I’m currently re-watching Season 5 of Buffy The Vampire Slayer and it got me thinking about how trans people are perceived by others. The link isn’t a particularly obvious one, I’ll grant you, but bear with me.
In Season 5 of Buffy, a new character is introduced: Dawn Summers, Buffy’s younger sister. Dawn quite literally appears during the first episode of the season, artificially inserted into Buffy’s life by some desperate monks. She is (or was) the Key: a ball of pure energy capable of granting access to a demon dimension. The other characters’ memories are changed to accommodate the idea that Dawn has always been a part of their life, and everyone perceives Dawn as a normal teenage girl.
Everyone, that is, other than those see things differently. On a number of occasions Dawn is approached by men driven mad by demon god Glory. “You’re not real,” they tell her. “You don’t really exist.” Buffy discovers Dawn’s “true nature” in a trance, and even Joyce (the girls’ mother) see that there’s something “wrong” with one of her daughters whilst suffering from the dehabilitating effects of brain cancer.
I thought about this just the other evening after I wandered into the ladies’ to check if a somewhat inebriated woman (who’d been in there for a while) was okay. It turned out she was fine and just about to leave, but she gave me a funny look as I walked in. “This isn’t the men’s, is it?”
I don’t think there’s a single trans woman who hasn’t had this experience, or something very similar. Many have to endure being misgendered every day. I’m very lucky these days: I suspect that I “pass” as a cis woman around 99% of the time. Still, that doesn’t mean I’m always gendered correctly: now and again, there are always those who mistake me for a man.
Those who misgender me are usually either drunk adults, or children. Some might think that sober adults are more likely to figure I’m trans and gender me correctly out of politeness, but I’m not convinced this entirely accounts for it. I’ve been misgendered a number of times in front of people who don’t know I’m trans, and they always greet such incidences with incomprehension and amusement. How could anyone be so stupid as to think I’m a man, they wonder? After all, I’m obviously a woman.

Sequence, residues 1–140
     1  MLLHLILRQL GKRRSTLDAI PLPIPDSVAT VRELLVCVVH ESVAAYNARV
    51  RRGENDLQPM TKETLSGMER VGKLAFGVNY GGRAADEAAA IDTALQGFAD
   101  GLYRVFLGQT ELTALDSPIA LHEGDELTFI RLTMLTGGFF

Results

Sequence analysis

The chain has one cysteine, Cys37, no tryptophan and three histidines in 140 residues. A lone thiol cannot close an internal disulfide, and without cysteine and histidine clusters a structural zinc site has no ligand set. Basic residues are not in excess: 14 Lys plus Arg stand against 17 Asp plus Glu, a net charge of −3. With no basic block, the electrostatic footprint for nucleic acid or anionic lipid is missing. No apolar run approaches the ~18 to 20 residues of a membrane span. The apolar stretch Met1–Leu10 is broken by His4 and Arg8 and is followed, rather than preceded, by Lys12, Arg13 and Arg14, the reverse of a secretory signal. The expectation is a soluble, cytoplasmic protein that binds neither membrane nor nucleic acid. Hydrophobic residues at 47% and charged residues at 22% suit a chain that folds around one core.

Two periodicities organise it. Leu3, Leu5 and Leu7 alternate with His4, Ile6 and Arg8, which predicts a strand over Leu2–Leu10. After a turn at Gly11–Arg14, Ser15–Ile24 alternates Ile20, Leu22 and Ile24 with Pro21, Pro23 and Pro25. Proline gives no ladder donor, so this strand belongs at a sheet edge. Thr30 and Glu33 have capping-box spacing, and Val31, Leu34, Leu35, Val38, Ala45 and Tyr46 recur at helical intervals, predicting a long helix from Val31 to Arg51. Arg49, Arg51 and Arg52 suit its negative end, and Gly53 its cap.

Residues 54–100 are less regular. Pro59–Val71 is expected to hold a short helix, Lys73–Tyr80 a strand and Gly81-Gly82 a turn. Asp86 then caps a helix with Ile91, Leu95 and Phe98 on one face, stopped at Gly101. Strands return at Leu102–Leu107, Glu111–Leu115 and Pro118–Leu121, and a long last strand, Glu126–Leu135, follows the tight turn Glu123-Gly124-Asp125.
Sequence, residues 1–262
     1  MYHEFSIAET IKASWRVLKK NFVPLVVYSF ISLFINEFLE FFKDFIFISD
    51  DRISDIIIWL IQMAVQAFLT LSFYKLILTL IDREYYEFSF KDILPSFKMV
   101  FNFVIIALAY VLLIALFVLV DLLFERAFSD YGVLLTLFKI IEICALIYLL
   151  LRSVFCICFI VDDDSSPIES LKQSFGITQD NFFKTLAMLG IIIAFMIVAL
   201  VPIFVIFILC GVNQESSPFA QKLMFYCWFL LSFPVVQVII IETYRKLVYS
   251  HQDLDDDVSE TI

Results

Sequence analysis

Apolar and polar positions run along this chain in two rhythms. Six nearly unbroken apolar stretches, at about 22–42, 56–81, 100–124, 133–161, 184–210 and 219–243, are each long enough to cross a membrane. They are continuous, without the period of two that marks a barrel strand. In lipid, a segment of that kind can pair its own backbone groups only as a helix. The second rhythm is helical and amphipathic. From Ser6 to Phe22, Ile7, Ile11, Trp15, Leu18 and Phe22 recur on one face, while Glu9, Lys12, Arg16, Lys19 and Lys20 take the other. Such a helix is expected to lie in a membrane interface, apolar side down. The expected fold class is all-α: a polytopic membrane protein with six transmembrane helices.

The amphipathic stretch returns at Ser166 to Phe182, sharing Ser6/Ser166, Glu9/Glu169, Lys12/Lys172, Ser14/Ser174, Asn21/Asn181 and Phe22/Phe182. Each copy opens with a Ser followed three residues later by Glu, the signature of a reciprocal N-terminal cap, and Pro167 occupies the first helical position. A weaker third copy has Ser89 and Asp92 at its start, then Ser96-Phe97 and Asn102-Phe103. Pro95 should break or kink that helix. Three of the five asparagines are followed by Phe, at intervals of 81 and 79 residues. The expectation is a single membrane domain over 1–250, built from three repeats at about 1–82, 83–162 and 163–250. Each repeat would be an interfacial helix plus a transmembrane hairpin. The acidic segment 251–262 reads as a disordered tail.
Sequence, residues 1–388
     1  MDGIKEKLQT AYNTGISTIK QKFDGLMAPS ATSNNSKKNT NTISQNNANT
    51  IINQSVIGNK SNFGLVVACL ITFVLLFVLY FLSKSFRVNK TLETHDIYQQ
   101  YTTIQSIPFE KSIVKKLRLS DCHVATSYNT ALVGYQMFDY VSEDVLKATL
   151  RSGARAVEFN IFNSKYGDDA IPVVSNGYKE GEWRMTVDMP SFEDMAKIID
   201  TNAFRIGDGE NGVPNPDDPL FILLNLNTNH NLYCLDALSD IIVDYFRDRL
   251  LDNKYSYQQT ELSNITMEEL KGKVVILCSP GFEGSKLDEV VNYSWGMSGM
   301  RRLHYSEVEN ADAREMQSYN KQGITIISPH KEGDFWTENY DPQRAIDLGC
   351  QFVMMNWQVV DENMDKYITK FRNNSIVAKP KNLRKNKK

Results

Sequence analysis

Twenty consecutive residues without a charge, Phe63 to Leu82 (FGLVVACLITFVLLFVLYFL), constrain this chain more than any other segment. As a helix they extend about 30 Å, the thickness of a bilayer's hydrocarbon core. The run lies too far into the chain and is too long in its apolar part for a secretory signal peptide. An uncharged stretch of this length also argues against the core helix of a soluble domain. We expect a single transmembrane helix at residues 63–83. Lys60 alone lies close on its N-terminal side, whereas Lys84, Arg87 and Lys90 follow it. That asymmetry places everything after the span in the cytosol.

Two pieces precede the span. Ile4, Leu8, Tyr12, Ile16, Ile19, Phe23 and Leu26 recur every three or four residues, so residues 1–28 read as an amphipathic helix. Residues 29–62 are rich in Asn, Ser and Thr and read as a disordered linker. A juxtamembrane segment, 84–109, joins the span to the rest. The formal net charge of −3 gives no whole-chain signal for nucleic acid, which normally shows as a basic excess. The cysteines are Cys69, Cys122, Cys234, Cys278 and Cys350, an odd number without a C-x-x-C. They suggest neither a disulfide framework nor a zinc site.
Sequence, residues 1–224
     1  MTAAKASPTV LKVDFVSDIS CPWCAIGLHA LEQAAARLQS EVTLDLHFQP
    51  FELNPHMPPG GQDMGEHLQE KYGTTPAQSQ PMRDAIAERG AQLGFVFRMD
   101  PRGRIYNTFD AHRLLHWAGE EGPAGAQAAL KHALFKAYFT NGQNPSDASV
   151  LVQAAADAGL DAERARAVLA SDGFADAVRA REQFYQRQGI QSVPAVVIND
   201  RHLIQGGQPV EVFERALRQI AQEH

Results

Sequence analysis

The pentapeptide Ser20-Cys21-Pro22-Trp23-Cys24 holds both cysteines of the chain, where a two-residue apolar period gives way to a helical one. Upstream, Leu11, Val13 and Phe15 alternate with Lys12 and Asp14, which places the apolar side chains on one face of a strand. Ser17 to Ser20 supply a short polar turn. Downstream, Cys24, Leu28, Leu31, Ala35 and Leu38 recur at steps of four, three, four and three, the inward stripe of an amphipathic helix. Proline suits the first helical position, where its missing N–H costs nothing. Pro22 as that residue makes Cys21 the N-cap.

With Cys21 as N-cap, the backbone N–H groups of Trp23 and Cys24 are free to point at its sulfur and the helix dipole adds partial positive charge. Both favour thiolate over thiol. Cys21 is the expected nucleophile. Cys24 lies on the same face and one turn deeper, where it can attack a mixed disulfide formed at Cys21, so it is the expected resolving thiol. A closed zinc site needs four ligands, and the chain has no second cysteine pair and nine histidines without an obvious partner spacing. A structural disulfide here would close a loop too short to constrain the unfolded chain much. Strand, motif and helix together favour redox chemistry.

I figure that once you’ve assigned a gender to a person in your head, it takes a lot to overturn this. This is one reason why coming out is so hard for trans people, but it also tends to make life a lot easier for those who wish to successfully pass as cis women or men. Once people have got it into their head that I’m a woman, they tend to think that anyone who sees me as a man is mad.
In “Buffy”, people with mental disabilities perceive Dawn as different, as non-human. Buffy initially dismisses such people as mad and deluded. Drunks and kids aren’t (always) so harsh, but I do think that different ways of thinking affect the chances of perceiving something (or someone!) in a particular way. People who think differently seem more likely to see something in me that others can’t.
Here’s the catch. Dawn is percieved is non-human, but in actual fact she isn’t just passing as a teenage girl: she is a teenage girl. The monks altered memories and created a personal history for Dawn, but at the same time they made her flesh and blood. Buffy reassures Dawn that they are sisters: they share Summers blood. Dawn may not always have been human, and some can see this, but she now is human.
Similarly, the people who perceive me as male are misguided. They’re right in believing that there’s something about me that’s different, but they’re wrong in assuming that I’m therefore not woman. They see my transness, but can’t comprehend this. Sometimes I’m asked “are you a man or a woman”, but far more often my appearance is translated into “effeminate man”. To people who have always known me as a woman, this is very strange!
So there it is. “Passing” trans people are sort of like Dawn: the few who “read” us as trans tend to wrongly leap to the conclusion that we’re therefore not real (real women, real men, real humans, whatever)…but they’re so very wrong.